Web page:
So will Loeffler have a clear vision to successfully execute his plan, or will he overcomplicate things to the point of ineptness like his predecessor?
I'll be watching to see how the offense competes with the defense in the scrimmages and during the Maroon-White game. Normally, the defense steals the show. I'll be thrilled if the offense can make it more of a back-and-forth battle, hold their own in the trenches, and we notice a core group of plays that are run often and with success.
3. Revival of the Running Game
Prior to last season I nonchalantly discussed the tailbacks and the running game. Beamer Co. rarely came up lame on that side of the ledger, and I figured it would be a matter of plug-and-play. That wasn't the case.
The coaches probably stuck with Michael Holmes too long, didn't give Martin Scales enough touches, and even though they tried every conceivable combination of backs the ground game was never consistently reliable. Although there were some flashes of success against more feeble fronts, the o-line didn't overpower most of their opposition.
Scot Loeffler and Jeff Grimes have made it clear running the ball is their top priority. Hopefully it will yield yards, and not just be an exercise in repetition and futility. It goes without saying better line play will make it easier on the tailbacks, but the coaches still need to designate a feature back and make use of a sensible rotation that is not predetermined and takes into account the situation on the field.
It's unfortunate Drew Harris won't be enrolled for spring to compete, but it's Trey Edmunds' opportunity to prove he's the real deal. Edmunds blowing us all away with a breakout spring would make me feel better about the future of the running game. J.C. Coleman showing he's more of scoring threat in goal line situations is also on my wish list.
4. Leaders Need to Emerge
I try to refrain from questioning a team's leadership. As an outsider it's unfair to judge what's happening in the locker room and practice field without seeing it first hand. Furthermore, it is a subjective analysis. But last season, then senior receiver Marcus Davis publicly questioned the team's lack of leadership.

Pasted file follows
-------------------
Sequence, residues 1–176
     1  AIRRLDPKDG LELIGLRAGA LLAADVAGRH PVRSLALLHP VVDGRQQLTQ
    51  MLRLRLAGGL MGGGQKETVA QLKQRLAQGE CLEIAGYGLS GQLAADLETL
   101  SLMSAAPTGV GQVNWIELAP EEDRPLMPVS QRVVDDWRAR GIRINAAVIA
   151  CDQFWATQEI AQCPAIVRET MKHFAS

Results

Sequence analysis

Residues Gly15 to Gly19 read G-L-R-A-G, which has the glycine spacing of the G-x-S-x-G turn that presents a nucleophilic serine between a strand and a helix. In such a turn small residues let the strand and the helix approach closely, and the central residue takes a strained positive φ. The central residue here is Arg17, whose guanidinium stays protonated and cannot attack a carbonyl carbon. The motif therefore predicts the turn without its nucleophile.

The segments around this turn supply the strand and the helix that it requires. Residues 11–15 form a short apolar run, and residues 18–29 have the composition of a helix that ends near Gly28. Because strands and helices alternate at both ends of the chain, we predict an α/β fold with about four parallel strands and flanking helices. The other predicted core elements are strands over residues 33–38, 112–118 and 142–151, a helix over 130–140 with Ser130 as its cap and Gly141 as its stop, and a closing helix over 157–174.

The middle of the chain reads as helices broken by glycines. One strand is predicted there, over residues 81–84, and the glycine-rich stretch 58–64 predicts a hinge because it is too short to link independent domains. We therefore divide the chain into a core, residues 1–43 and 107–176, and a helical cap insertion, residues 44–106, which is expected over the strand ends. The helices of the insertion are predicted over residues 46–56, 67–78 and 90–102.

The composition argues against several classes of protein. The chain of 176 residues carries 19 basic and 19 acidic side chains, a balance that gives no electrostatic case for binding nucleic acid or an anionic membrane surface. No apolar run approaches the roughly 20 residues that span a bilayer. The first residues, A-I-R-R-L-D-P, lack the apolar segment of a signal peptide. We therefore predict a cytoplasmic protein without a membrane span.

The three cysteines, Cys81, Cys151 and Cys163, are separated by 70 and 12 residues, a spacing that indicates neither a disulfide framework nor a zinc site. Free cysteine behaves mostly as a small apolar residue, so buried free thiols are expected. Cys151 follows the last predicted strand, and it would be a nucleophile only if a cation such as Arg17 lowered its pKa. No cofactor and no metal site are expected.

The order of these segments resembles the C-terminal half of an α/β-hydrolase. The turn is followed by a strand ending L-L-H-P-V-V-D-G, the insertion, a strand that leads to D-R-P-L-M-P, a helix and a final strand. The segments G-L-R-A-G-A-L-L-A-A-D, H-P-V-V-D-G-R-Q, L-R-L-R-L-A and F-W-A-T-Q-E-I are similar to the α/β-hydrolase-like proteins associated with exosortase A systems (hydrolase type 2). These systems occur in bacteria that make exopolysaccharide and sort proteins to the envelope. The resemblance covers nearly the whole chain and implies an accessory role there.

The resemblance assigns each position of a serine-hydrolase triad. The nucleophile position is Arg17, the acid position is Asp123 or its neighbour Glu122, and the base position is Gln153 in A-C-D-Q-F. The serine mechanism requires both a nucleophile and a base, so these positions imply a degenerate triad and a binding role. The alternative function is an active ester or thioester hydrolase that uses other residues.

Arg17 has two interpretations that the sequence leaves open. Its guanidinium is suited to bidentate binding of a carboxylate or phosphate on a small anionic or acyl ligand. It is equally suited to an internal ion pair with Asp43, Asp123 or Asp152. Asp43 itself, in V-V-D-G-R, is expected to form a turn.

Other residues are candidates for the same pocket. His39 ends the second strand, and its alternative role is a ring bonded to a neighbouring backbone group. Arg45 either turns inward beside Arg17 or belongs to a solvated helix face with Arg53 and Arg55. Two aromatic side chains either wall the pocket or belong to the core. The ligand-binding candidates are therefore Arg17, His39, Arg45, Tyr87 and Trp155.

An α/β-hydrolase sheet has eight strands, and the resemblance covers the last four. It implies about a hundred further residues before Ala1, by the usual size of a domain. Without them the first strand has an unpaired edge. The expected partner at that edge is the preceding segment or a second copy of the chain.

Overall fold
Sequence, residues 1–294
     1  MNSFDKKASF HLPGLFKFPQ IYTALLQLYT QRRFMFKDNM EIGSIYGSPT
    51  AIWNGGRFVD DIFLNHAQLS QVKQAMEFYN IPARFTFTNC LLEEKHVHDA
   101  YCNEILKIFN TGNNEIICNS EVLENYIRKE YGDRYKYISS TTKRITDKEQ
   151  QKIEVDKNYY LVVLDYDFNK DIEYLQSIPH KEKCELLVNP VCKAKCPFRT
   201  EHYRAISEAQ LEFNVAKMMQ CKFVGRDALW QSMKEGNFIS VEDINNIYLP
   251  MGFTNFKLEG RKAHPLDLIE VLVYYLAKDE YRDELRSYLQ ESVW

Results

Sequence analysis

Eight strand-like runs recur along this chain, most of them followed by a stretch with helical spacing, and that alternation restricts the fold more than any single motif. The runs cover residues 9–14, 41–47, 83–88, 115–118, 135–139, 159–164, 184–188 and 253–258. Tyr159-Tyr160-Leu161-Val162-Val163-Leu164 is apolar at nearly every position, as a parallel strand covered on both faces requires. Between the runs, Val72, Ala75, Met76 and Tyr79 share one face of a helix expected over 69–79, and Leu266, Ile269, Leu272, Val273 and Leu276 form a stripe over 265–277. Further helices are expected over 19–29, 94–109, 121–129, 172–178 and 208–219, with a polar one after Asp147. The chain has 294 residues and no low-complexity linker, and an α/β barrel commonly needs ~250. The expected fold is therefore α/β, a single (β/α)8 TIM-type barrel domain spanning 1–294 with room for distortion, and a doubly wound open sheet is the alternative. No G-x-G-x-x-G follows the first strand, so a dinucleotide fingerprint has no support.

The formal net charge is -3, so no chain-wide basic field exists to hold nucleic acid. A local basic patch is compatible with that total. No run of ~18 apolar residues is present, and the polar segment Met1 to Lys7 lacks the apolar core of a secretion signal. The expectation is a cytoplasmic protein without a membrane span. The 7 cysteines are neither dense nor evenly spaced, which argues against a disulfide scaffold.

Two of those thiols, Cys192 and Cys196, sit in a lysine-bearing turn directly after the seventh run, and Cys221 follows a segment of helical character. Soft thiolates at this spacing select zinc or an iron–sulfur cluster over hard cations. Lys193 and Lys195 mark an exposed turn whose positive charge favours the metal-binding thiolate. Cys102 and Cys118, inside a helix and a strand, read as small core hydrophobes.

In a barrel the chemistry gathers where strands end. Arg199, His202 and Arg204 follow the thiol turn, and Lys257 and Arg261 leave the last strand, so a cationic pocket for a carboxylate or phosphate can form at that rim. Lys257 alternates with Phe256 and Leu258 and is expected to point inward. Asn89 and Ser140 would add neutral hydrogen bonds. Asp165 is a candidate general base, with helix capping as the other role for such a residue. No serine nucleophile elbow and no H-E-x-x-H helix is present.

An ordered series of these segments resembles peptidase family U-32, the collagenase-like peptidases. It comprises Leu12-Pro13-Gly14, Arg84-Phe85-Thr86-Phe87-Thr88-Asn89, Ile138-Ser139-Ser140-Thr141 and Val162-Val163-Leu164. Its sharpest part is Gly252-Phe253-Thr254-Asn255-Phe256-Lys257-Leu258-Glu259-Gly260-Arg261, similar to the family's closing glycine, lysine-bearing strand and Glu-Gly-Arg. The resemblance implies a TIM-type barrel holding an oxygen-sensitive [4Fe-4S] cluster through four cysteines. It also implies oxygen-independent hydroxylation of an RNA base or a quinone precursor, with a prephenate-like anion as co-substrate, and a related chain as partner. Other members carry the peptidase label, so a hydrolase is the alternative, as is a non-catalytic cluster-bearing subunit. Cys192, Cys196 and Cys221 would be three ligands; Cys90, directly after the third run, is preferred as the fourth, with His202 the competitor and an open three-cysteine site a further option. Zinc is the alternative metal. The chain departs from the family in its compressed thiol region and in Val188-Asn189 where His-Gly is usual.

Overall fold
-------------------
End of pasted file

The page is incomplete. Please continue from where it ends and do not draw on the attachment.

"Of course, we don't have the same players, but at the same time, we don't have the same attitude as we used to have," Davis said. "Even [former quarterback Tyrod Taylor] wasn't the most vocal person, but he'll let you know: 'Pick it up.'
"It's just like we don't have that or if somebody do try to do that, it's like egos get in the way or 'Why you coming at me like this?' Or 'why are you singling me out?' Instead of, 'Alright, I'm gonna pick it up.' It's not the same. I don't know what it is, but it has to change."
It's somewhat ironic that Davis said all that before the Florida State game where his play served as the source material for his blocking "highlight" film. In any event, I think the lack of senior starters resulted in a dearth of senior leadership.
Change isn't easy and it's almost assured this team will struggle at times. There needs to be a strong foundation of leaders, something we've previously been accustomed to, to help the transition and keep everyone competitive and focused. I think it's a very good sign Gayle, Exum, and Thomas all decided to return to Blacksburg for their senior seasons.
5. Foster Must Develop Quality Depth at Linebacker and in the Secondary
Not including the front-four, defensive depth is a major concern. Now that Antone Exum's status is unknown, Foster will probably have to rely on at least one inexperienced starter, and another in a backup role. Michael Cole retiring stings too. He was coming into his own as a nickel back, and added depth at rover. One of Donaldven Manning or Donovan Riley along with Desmond Frye having a big spring would make me less uneasy about the secondary. Detrick Bonner building on last season's late success would be a bonus.
At linebacker, Jack Tyler is a tackling machine and when Tariq Edwards is 100% he's a force inside (and out). Edwards' was healthy at the end of last season, so that alleviates any concerns I have of him. Ronny Vandyke was a mixed bag at whip last year. He made both brilliant and poor plays. I think the complexity of the position got the best of him. Once he masters the reads and mental responsibilities, his athleticism will shine through.
However, injuries could force players with little to no experience to see the field. Chase Williams has played a good amount of snaps, he started against Austin Peay, but I'm hoping highly regarded recruits like Deon Clarke and Devin Vandyke or Josh Trimble and Dahman McKinnon (if they're back on the team and practicing) push for playing time and by doing so create a strong two-deep.
What do you guys think? What important strides would you like to see this team make during spring ball?